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New Mexico Department of Health investigating Shigella outbreak

(KOSA)
Published: Jan. 13, 2017 at 4:53 PM CST
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The New Mexico Department of Health is investigating an outbreak of Shigella in the southeastern part of the state.

According to NMDOH, cases have been reported in Lea, Chaves, and Eddy counties and the number of reported cases has risen from 140 in November to 196 currently.

Shigellas is a 'extremely contagious bacterial disease that causes diarrhea, fever, nausea, and sometimes vomiting, cramps, and blood poisoning from toxins produced by the bacteria,' NMDOH reports.

According to NMDOH most outbreaks were reported among preschool and school-aged children, though it can affect the wider community.

Shigella can be spread in the following ways, according to NMDOH:

· Infected persons can spread Shigella by not washing their hands after going to the bathroom and then handling food that other people will eat.

· Caretakers can become infected by changing the diaper of an infected child or caring for an infected person. The caretaker’s hands may get some small amount of stool and bacteria on their hands, and without proper hand hygiene, spread the bacteria to everything they touch afterwards (including their mouths).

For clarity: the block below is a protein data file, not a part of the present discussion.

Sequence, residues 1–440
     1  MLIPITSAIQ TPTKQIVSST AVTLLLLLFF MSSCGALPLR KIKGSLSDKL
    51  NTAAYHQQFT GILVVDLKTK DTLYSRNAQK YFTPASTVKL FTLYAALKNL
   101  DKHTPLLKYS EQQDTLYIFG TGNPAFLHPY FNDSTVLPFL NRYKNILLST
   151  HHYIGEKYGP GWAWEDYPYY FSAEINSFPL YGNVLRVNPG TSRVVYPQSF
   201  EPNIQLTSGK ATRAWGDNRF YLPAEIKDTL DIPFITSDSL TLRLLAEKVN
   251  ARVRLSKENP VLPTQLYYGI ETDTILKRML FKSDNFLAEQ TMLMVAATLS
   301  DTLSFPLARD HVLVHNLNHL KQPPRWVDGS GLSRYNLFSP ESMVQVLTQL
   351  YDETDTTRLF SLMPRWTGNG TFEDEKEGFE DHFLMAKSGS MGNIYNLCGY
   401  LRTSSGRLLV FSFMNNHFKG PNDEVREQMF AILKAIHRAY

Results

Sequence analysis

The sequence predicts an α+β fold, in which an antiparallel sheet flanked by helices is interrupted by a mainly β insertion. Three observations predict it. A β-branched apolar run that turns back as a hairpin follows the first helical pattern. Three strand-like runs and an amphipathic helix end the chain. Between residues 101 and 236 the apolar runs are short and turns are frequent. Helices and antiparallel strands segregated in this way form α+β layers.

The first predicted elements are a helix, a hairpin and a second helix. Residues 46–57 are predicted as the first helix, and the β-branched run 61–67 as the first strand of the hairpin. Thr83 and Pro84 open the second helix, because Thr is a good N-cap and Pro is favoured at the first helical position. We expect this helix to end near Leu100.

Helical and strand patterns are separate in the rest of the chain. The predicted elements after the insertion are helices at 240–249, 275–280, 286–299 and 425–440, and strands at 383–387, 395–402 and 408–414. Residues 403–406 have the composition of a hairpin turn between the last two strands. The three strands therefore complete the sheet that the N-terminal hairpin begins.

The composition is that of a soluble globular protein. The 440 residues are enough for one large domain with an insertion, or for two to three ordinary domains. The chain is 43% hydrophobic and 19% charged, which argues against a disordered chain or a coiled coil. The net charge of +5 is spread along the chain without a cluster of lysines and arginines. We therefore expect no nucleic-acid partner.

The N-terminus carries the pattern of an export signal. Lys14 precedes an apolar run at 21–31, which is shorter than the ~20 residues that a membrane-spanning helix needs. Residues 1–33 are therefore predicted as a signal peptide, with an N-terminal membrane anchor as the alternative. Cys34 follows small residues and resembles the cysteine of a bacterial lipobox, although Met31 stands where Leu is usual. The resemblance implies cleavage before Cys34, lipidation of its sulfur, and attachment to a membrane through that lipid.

· Swallowing recreational water (for example a splash pad, pool, and/or lake) that was contaminated by infected fecal matter.

· Exposure to feces through sexual contact.

“If your child is sick, please do not take your child to daycare or school. This will only spread this illness to other children and their families,” advises Department of Health Secretary Lynn Gallagher in a press release. “If you think that your child may have Shigella, please take them to their healthcare provider to be tested.”

The following are methods of preventing catching Shigella:

· Washing your hands frequently, especially after using the bathroom, changing a diaper, or before preparing and/or eating food.

· Promptly cleaning possible contaminated surfaces with household chlorine bleach-based cleaners.

· Washing soiled clothing and linens.

· Avoiding food or water from sources that may be contaminated.

· Not sending sick children to school, daycare, or local pool and splash pads if they have persistent diarrhea.

More information on Shigella can be found online

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